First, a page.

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May 15, 2020 | Lea Wentworth

What To Play: Dungeons & Dragons Do’s & Don’ts

Published in 1974, Dungeons & Dragons is considered the original tabletop roleplaying game. While its popularity has varied since its publication, the game has recently experienced a resurgence of interest with shows such as Critical Role and The Adventure Zone bringing tabletop games into the spotlight. This means that there are a lot of people new to the game who are unsure of how to start or who are just curious about what the fuss is about. Regardless of where you might fall on this spectrum, this guide will walk you through the basics you need to know if you want to play. 

What are Tabletop Roleplaying Games? 

Tabletop roleplaying games are cooperative games that are usually played in groups of 3-7+ people who design and roleplay characters and go on adventures together. Players roll dice to determine if they succeed or fail at the actions they take, so there is some math involved. The game is overseen by a Dungeon Master (DM) who designs the adventure and acts as the narrator for the story. These campaigns can be one session or span a long period of time, depending on the group.  

Systems (Or the Game itself) 

Dungeons & Dragons, 5th Edition: Considered the most long-running and classic tabletop system, Dungeons & Dragons or D&D is certainly the most well-known system. It comes with the iconic races (elves, dwarves, orcs, etc.), classes (warrior, rogue, wizard), and fantasy elements that people associate with tabletop games. There is a wide variety of material available for this system and it is one of the more beginner-friendly systems.  

Pathfinder: Beginning as a modified version of D&D 3rd Edition, Pathfinder has come into its own and developed its own lore and rules. It is also a fantasy game, but tends to be less restrictive in its rules than D&D. An interesting alternative if you don’t necessarily like D&D, but still want fantasy.  

Other Systems 

Not interested in D&D and fantasy? Here are some other options: 

Cipher: A lesser-known but interesting option, Cipher is a highly-customizable system with limited rules that allows for players to participate in a wide variety of genres, which includes romance, western, historical, post-apocalyptic, and so on. When the system say it offers just about any genre you can think of, it means it. Perhaps not the best system for beginners, but a nice alternative to the typical fantasy. 

Star Wars: Ever wanted to be in George Lucas’ famous space-epic series that features Jedi against Sith, the Republic against the Empire, and the Force? That is absolutely an option.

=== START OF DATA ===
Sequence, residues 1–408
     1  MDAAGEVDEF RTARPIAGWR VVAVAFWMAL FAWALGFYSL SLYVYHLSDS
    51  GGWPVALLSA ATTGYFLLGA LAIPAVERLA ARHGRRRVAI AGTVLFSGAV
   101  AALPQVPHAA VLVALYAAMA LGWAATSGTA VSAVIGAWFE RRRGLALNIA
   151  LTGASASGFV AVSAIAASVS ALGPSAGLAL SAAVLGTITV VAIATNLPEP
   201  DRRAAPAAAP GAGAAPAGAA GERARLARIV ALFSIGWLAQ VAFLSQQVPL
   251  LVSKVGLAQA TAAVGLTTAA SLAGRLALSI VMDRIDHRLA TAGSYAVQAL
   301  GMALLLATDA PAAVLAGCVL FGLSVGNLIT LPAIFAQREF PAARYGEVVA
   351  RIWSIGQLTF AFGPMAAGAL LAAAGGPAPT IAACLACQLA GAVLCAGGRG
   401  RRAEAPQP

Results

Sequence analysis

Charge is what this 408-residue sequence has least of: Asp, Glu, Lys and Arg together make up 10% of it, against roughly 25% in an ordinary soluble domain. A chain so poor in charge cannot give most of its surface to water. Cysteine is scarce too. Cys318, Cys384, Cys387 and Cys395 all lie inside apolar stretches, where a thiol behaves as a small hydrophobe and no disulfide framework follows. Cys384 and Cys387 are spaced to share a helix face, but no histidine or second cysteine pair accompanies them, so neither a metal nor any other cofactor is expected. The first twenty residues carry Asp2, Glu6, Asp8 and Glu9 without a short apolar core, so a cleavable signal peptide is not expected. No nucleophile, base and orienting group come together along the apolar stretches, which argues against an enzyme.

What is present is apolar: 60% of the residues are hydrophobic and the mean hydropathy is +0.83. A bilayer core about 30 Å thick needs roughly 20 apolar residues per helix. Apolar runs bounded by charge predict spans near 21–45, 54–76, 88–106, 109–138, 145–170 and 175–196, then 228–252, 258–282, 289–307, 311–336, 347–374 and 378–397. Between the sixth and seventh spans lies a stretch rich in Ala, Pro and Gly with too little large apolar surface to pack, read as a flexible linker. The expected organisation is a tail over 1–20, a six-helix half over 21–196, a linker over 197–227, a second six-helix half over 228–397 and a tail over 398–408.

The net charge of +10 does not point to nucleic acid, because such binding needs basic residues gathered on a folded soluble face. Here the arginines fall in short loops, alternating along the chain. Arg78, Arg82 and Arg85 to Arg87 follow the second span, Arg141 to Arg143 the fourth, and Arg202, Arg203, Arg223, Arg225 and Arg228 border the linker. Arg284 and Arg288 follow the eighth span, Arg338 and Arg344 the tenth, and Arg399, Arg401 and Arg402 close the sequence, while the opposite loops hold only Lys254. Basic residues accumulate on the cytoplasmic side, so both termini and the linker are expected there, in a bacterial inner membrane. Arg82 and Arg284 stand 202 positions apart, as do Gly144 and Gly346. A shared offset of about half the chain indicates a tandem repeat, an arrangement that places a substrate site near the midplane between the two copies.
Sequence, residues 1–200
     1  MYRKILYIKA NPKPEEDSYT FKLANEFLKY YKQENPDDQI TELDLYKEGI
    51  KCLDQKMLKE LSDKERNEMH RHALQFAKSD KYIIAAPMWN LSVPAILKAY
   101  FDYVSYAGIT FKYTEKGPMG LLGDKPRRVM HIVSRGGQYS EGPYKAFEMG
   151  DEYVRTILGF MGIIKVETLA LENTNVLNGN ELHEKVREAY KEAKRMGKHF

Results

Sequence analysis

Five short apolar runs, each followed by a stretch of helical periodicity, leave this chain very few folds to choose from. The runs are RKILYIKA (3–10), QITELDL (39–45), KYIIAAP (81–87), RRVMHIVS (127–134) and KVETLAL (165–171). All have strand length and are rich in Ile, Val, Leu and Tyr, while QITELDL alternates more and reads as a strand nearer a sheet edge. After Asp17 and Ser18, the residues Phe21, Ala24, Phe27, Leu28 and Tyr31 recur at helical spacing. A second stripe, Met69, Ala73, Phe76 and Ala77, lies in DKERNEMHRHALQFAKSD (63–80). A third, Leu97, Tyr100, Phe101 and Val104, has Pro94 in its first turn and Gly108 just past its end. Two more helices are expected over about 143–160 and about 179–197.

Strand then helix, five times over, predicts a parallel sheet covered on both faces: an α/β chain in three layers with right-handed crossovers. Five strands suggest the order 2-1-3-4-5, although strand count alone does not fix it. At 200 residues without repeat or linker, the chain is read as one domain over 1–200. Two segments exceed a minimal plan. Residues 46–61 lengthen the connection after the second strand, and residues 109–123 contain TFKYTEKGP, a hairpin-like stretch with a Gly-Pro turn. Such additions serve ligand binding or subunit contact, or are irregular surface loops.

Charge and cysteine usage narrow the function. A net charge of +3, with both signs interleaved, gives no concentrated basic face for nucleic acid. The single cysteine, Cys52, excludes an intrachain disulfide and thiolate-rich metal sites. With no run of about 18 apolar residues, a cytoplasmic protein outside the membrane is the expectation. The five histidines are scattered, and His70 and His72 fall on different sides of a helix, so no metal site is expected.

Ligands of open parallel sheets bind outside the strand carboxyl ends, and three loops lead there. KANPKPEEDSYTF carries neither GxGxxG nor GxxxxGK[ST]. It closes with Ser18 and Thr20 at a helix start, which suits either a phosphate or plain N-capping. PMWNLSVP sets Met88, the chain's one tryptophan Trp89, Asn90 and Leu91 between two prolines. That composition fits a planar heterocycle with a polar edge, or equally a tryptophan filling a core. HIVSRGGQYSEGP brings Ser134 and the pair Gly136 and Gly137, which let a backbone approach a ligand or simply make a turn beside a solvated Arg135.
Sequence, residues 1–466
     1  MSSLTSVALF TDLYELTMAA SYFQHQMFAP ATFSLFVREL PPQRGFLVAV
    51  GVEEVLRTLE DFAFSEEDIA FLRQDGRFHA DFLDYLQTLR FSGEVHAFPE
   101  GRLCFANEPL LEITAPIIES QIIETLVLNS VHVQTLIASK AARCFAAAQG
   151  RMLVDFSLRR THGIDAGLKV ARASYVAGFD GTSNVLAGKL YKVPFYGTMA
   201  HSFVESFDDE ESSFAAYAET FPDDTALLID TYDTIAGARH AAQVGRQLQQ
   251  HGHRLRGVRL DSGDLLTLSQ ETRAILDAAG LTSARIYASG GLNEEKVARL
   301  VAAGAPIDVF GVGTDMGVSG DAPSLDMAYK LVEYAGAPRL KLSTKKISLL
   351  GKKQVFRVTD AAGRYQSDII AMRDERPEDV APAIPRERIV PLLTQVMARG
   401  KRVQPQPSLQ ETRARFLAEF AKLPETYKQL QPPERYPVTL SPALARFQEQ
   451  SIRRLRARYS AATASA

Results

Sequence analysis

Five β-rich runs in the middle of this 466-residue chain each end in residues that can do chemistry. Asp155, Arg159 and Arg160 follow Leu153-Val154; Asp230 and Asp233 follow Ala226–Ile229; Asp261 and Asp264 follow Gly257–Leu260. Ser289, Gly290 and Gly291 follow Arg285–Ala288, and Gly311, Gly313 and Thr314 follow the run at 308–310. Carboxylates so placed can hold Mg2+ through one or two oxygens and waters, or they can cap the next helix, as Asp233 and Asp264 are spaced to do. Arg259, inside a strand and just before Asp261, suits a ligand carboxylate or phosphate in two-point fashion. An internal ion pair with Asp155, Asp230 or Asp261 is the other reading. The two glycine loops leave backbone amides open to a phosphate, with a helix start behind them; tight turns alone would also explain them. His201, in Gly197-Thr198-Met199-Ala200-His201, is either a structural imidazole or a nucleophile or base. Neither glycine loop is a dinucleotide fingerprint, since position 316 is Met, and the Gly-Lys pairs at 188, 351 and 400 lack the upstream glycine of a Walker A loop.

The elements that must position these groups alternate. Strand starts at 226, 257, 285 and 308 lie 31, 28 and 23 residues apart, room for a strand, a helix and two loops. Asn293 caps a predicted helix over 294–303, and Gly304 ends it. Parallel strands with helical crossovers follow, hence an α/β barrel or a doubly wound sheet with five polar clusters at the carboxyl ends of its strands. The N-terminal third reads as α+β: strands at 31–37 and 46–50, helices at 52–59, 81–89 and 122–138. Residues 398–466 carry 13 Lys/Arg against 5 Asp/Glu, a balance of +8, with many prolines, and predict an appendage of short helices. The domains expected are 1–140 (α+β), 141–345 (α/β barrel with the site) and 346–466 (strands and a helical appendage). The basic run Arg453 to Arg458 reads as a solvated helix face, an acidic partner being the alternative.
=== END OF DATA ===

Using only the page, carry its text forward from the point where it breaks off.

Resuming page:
Call of Cthulhu: Inspired by H.P. Lovecraft’s horror mythos, this is a dark system that pits you against eldritch abominations and the horrors of the unknown. Keep in mind, this is not a system for the faint-of-heart: campaigns tend to end with everyone dead or driven mad by what they’ve seen. It has Cthulhu though, so that’s a plus.  

Shadowrun: A science fiction fantasy with cybernetics, magic, and fantasy creatures all in one, Shadowrun is definitely unique with its blend of many genres from cyberpunk to horror. Much like Call of Cthulhu, this system is difficult to learn and to play: players will die more often than not, but Shadowrun offers one of the more unique premises and is worth a look if you want something a little different. 

Tools & Resources  

Rulebooks: Whatever the system you choose to play in, you will need the rulebooks for that system. This usually consists of a Dungeon Master’s Guide, the Player’s Guide, a Monster Manual that details the enemies in the game, and maybe a module book if you are using a pre-built adventure. These are available in print or digitally as PDFs.  

Dice: You need dice to determine how your game will play out. The most basic set of dice includes 7 dice: d4, d6, d8, 2 d10s (00-90 and 0-9), d12, and a d20. If you don’t want to buy a set, there are many dice rolling apps available online and on both iPhone and Android.  

Character Sheet: This details who your character is, what they can do, and what they have. How this sheet looks will vary from system to system, but the basics are usually the same.  

Table Manners 

It is important to set some rules of conduct for how your group is going to behave before you start to play. Games can get emotional and you have to be careful to make sure that everyone stays respectful of the people they are playing with. Players should enter and leave the game as friends. Remember that this is supposed to be fun!  

How to Play While Social Distancing  

Playing tabletop games while social distancing is tricky, but not impossible. There are several options available, depending on the tools that you have. 

If you have a microphone and/or a webcam, you will be able to talk to and see your group by using Discord, software that allows chatting using text, audio, or video. Discord essentially provides multiple ways to communicate with your group, depending on your preference, and it’s free! Discord is available online and as an app. 

Along with Discord, it is suggested that you use Roll20, which is browser-based. Roll20 allows you to roll dice easily, as well as share maps with your group. Roll20 does require a steady internet connection, so bear that in mind. Both of these resources have a learning curve, but there are many tutorials available.  

If you want more options, these videos go more in-depth: 
How to Play D&D While Social Distancing! 
How to Play D&D Online for Free 

Want to learn more? Here are some more resources: 

Learn the Basics of D&D in 7 Minutes! 
RPG Etiquette! Game Master Tips 
New Player’s Guide: How to Play D&D Online 
How To Setup And Use Discord – Basic Overview Of Features and Tools 
Playing D&D Over Discord (Text) or (Video
Roll20 GM Overview: Learn the Basics!